In the course of tackling the role of Shelly Pfefferman in "Transparent," what have you learned about yourself?
That I could actually do what I call "principle subordination." Which means I keep my own counsel about the work that I do, I do the work that I do, but I subordinate myself — not submit myself — to the vision that is the whole that Jill Soloway and our writers and the rest of this cast have created. I am a small part of something that I give myself over to in a way that I never thought I would be able to ever before. I have never worked this way before. There is a kind of freedom in the way that we work, but there are also boundaries. It’s paradoxical. Everybody says, “Is it fun?” I would not use that word to describe it. It is inspiring, it is illuminating, it is challenging, it is complicated, it is deeply, emotionally complex. And I didn’t know that I could pull out those levels of understanding and emotion in relation to a character without thinking through this whole process. You don’t watch "Transparent." You feel "Transparent." So I have to come at it from this feeling level. tThat means we all have to be subordinated to this process. We don’t want to talk about it in this sort of new age way. It isn’t new age, it is very complicated and requires a great deal of giving over to other people. And I didn’t know that I could operate like that.
Jill once said to me, “Where does [Shelly] come from?” And I said, “I don’t totally know.” I have some idea, but I don’t completely know. And to wait — for two seasons we go back in time to see young Shelly and young Mort, now Mort/Maura. I had some idea what it was that drove her, but not to the understanding that they gave me when they wrote it. I didn’t know I would have patience like that. I was always so desperate to find the thing that I had to do, and that’s not any of the way we work on "Transparent." We work with this remarkable woman Jill has connected us with named Joan Scheckel, and the way that Joan works with us is to get us out of our head. To be thinking in our body. She explains the work she does as the emotions ride on the blood and the water and the physicality and that’s how we’re relating to each other. We never rehearse a scene. We are physically relating to each other in our emotional bodies. And that’s what you feel when you’re watching "Transparent." It’s thrilling. And it’s working without a net.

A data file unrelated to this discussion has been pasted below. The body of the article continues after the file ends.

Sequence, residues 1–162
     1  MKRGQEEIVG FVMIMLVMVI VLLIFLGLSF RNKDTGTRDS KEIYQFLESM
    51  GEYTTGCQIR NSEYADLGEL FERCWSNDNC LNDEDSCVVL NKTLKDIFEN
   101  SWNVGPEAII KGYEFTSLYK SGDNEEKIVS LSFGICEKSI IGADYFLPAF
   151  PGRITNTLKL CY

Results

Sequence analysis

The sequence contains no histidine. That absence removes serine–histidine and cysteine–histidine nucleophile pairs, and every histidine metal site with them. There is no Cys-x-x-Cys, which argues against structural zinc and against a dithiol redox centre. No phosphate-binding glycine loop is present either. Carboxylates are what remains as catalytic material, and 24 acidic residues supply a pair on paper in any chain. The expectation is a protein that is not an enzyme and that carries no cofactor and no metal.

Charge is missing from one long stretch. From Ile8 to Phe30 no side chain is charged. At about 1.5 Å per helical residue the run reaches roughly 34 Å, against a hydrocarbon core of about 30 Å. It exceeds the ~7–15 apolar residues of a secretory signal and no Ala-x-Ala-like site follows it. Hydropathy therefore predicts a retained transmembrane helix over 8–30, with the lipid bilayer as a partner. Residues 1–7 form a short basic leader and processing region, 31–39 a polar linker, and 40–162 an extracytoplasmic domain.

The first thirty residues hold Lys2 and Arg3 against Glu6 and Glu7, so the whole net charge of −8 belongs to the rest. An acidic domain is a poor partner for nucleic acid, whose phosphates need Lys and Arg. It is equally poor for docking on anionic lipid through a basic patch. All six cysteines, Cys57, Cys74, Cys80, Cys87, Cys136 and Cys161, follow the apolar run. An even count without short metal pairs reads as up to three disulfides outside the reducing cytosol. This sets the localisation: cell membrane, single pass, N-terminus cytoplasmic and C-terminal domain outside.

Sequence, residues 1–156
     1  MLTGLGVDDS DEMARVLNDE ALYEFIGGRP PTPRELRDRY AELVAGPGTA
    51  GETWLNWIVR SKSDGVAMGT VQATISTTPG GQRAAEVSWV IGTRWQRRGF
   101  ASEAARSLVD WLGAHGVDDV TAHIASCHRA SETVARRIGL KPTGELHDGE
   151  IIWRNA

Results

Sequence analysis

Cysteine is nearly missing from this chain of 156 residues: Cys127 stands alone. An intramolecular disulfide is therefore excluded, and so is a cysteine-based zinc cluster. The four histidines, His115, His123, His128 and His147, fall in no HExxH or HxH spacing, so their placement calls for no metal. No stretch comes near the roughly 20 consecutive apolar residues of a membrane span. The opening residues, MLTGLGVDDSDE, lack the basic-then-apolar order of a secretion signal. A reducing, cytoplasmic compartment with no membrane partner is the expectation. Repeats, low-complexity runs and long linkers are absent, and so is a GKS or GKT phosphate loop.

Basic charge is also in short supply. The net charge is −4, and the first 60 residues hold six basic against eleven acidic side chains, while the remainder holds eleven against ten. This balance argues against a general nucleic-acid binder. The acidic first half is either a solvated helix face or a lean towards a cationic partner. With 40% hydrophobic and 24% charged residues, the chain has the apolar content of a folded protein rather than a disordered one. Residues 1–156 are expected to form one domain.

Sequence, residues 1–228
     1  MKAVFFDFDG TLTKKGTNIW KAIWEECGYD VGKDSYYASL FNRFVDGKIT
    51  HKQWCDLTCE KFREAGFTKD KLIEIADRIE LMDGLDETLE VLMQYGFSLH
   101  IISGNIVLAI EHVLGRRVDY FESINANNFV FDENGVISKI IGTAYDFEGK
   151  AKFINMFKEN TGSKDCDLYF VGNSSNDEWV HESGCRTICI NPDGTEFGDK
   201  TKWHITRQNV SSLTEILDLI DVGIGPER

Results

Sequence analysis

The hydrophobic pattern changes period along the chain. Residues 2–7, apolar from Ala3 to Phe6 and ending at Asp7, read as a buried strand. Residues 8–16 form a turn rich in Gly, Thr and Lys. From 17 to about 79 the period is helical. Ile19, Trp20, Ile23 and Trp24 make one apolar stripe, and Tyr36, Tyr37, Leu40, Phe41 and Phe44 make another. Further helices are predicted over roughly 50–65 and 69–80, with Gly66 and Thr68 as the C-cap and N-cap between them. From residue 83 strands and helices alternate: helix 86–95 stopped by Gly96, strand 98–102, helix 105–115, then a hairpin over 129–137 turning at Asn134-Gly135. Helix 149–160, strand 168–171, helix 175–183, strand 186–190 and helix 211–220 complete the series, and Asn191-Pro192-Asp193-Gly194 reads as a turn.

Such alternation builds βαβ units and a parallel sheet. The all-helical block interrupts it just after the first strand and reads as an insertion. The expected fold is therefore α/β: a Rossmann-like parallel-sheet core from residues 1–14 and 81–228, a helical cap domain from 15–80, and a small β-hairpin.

You didn’t have much of net in All the Ways to Say I Love You, the Neil LaBute one-person play Off-Broadway earlier this fall, either, given you’re the only person on stage! That’s a tricky character [Light plays a schoolteacher with a dark, controversial secret linked to a former student] and a tricky playwright. Besides the obvious challenges, what made you want to do that and be the character of Mrs. Johnson?